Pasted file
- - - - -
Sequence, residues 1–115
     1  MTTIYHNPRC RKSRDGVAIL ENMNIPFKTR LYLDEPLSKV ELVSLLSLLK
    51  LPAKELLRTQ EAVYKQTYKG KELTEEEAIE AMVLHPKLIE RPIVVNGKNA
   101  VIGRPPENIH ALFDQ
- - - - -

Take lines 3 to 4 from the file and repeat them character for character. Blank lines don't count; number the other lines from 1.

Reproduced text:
    51  LPAKELLRTQ EAVYKQTYKG KELTEEEAIE AMVLHPKLIE RPIVVNGKNA
   101  VIGRPPENIH ALFDQ